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Futalognkosaurus (/ˌfuːtəlɒŋkɵˈsɔrəs/;[1] meaning "giant chief lizard") is a genus of titanosaurian dinosaur. The herbivorous[2] Futalognkosaurus lived approximately 87 million years ago in the Portezuelo Formation of the Coniacian stage of the late Cretaceous Period. The fish and fossilized leaf debris on the site, together with other dinosaur remains, suggest a warm tropical climate in Patagonia during this period.

DiscoveryEdit

Its fossils were found in the Neuquén province of Argentina in 2000, and were scientifically described in 2007. The genus name is derived from the local indigenous language Mapudungun and is pronounced foo-ta-long-koh-sohr-us: "futa" means "giant" and "lognko" means "chief".[3] It is based on three fossil specimens, yielding an estimated 70% of the skeleton in total. The fossil team described the find as "the most complete giant dinosaur known so far".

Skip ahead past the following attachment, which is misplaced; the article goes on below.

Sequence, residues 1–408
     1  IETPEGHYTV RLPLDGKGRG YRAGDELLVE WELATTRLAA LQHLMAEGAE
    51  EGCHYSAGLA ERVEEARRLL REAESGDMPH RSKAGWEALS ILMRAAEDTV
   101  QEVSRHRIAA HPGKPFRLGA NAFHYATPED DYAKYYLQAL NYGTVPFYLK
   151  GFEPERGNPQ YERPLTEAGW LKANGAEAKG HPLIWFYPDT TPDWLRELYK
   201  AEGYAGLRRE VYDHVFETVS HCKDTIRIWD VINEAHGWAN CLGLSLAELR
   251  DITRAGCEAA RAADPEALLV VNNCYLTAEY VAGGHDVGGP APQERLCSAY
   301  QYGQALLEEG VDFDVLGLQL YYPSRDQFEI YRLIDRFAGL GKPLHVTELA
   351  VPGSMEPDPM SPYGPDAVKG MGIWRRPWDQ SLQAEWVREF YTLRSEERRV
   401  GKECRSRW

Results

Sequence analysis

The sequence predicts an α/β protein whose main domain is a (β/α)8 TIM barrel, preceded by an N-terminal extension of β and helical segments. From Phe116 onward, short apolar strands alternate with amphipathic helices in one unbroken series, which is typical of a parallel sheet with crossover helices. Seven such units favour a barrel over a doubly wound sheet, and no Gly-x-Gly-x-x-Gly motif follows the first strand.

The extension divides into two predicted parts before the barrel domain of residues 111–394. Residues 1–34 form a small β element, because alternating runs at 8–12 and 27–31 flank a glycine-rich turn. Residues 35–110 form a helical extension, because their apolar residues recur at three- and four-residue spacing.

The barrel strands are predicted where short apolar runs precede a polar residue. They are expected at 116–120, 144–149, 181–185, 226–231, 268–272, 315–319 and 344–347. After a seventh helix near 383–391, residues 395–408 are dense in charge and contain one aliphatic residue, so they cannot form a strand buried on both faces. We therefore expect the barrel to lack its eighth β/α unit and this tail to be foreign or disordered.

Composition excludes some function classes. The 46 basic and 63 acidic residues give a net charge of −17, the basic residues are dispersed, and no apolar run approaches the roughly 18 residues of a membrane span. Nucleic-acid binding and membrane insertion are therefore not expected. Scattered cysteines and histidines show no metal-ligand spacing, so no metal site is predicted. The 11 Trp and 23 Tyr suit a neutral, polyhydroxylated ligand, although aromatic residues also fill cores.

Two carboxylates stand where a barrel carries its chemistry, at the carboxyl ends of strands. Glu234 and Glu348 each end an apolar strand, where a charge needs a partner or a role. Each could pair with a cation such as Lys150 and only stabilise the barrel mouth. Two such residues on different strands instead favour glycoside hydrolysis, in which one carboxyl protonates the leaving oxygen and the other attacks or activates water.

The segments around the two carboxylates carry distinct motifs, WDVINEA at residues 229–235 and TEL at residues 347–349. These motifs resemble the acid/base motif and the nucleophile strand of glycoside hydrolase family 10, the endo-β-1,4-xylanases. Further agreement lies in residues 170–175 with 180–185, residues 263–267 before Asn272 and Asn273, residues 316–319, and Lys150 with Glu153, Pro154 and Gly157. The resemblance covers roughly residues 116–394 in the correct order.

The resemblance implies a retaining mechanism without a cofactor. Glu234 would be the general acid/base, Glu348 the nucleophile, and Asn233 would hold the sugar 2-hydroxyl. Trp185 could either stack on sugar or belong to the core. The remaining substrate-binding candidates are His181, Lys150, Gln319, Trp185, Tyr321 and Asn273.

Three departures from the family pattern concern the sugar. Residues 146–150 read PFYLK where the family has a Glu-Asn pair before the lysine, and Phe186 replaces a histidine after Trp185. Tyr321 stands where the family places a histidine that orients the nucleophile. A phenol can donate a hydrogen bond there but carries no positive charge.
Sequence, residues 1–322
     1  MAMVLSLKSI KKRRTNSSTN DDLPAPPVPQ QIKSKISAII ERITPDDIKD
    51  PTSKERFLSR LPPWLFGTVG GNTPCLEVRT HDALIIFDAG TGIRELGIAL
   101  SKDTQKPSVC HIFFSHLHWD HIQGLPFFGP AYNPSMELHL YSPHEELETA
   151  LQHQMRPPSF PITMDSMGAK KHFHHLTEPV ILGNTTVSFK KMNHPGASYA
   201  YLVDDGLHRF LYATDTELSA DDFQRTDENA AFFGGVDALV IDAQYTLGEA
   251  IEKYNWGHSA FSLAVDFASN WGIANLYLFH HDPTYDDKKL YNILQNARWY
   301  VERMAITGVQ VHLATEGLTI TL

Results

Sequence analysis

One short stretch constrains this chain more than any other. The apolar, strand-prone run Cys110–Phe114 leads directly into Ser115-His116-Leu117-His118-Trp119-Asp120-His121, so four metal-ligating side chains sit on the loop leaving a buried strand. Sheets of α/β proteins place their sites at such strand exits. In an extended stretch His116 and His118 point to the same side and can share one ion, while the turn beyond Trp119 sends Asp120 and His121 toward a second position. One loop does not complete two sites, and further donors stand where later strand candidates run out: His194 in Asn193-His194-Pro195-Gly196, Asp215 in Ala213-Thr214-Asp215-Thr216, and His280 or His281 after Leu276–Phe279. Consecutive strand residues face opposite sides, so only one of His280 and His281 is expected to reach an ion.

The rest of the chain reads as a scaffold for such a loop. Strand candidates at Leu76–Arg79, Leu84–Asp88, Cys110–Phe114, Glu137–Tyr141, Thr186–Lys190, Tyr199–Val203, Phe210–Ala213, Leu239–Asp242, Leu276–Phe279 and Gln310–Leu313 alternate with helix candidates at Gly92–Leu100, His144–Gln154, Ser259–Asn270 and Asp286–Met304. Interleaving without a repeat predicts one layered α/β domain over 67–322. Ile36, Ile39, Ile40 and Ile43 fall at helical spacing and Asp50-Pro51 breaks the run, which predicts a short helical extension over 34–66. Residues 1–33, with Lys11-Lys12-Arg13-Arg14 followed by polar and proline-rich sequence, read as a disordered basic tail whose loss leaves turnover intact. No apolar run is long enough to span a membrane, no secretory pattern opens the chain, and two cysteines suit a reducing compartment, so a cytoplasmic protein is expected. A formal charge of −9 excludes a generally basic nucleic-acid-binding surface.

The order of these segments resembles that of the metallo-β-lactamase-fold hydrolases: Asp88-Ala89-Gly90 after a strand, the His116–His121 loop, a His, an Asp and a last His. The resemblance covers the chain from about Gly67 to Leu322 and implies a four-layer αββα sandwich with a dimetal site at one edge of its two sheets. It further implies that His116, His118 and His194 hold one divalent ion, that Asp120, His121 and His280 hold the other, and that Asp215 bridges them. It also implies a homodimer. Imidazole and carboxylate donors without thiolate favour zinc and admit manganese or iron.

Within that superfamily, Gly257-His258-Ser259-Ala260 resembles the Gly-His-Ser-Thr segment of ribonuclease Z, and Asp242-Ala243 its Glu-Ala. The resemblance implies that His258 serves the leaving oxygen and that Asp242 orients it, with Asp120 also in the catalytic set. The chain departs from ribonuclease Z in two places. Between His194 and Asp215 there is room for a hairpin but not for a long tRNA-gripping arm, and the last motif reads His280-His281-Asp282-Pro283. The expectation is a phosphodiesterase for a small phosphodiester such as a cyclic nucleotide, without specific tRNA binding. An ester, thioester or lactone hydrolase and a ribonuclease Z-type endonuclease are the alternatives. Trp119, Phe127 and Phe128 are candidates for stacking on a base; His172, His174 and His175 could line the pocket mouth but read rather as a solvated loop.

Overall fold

DescriptionEdit

The type species, Futalognkosaurus dukei, is estimated to be 26 m (85 ft) in length,[4] rivaling the gigantic Argentinosaurus. Its long neck contained 14 vertebrae, and was over a meter deep in places, due to its extremely tall neural spines which had a distinctive "shark-fin" shape. The hips were also extremely large and bulky, reaching a width of nearly 3 metres (9.8 ft).[5] The alternate early spelling "Futalongkosaurus" may be found in some press reports and on websites.

ClassificationEdit

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